When the hunt was resumed Jed Sanborn turned along the mountainside, where there were a series of shelving rocks. He had gone but a short distance when he uttered a cry:
“A bear! a bear!”
“Where?” asked all of the others simultaneously.
“Over on yonder cliff! There he goes!”
The young hunters looked in the direction indicated, and saw a bear leaping swiftly from rock to rock. Almost before they knew it he was out of sight. They were too far away to take a shot, much to their disappointment.
“Any use of going after him?” asked Whopper.
“Not now,” answered Jed Sanborn. “He’ll be on guard all day. You can come back some other day if you want to. But be careful he don’t chew ye up.”
Again they went on, and now came to a slight hollow on the mountainside. Suddenly Snap saw something moving cautiously over the rocks close at hand.
“There’s a wildcat!” he cried, and swinging around his gun he fired. The wildcat was hit in the side but kept on. Then Giant fired, hitting the beast in the head, and it rolled from the rocks to a position almost at their feet.
“Is it dead?” asked the doctor’s son.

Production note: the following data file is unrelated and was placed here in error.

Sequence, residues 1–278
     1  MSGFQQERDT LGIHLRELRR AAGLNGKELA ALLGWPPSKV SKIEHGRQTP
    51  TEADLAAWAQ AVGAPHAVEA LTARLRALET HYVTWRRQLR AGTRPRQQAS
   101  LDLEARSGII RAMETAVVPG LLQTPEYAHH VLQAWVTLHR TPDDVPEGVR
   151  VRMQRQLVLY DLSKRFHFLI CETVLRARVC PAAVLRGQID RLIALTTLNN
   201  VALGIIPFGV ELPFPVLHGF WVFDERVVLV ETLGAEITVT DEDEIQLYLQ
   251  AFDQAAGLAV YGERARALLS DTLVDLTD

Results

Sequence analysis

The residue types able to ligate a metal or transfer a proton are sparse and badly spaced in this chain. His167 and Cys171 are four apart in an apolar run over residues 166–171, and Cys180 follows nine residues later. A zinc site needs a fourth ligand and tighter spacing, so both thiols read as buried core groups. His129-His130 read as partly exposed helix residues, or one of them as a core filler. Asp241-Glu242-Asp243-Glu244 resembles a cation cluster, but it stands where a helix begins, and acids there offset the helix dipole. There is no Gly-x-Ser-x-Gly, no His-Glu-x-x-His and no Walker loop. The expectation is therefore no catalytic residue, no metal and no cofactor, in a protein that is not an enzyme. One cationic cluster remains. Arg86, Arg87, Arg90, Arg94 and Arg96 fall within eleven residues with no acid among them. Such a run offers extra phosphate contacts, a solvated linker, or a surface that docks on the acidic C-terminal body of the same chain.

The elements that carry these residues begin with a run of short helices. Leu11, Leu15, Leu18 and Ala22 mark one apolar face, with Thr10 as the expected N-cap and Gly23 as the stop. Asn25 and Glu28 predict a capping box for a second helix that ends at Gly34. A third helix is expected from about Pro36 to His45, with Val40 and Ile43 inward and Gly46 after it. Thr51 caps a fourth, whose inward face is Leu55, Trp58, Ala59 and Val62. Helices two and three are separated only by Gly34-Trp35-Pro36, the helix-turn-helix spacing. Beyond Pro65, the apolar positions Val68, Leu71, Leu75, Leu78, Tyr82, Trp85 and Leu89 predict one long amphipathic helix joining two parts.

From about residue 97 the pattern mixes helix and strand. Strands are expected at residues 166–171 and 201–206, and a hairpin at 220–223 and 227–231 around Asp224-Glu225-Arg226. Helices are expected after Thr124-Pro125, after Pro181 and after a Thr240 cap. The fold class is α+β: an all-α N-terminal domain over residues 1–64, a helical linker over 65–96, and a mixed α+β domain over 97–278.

“Dead as a door nail,” announced the small youth, after an examination.
“I think that wildcat came from yonder hole in the rocks,” said Snap, pointing to the opening in question.
“If he did there may be more of them there,” answered Whopper. “How can we find out?”
“Might go up, ring the doorbell, and ask,” suggested Snap, with a grin.
“Excuse me, I don’t want to walk into any wildcat’s hotel,” was Whopper’s answer. “I heard of a fellow who did that once, and when he came out he was still on the inside.”
“Still on the inside?” repeated Jed Sanborn.
“Yes—–inside the wildcats,” and this answer made the old hunter roar loudly.
“Let us throw rocks into the opening,” suggested Giant, and began to do as he had suggested. They heard a growl, but no wildcats showed themselves.
“I’ll throw a firebrand in,” said Jed Sanborn, and cut a dry cedar bough. “Stand ready to shoot, if anything shows itself.”
With interest the boys watched the old hunter prepare his firebrand and light it. Then he swung it into a lively blaze, let fly, and sent it whirling into the hollow among the rocks.
Hardly had the firebrand disappeared when there came a savage growl and some whines, and from the hollow leaped a female wildcat with a little one in her teeth. After the two came another little one.
As soon as the big wildcat appeared the boys blazed away, and the mother and her offspring were shot dead. Then Whopper raised his shotgun to kill the other little one, but suddenly lowered the weapon.
“I can’t kill such a baby,” he murmured.
“I am sorry we killed the other little one,” added Snap, soberly.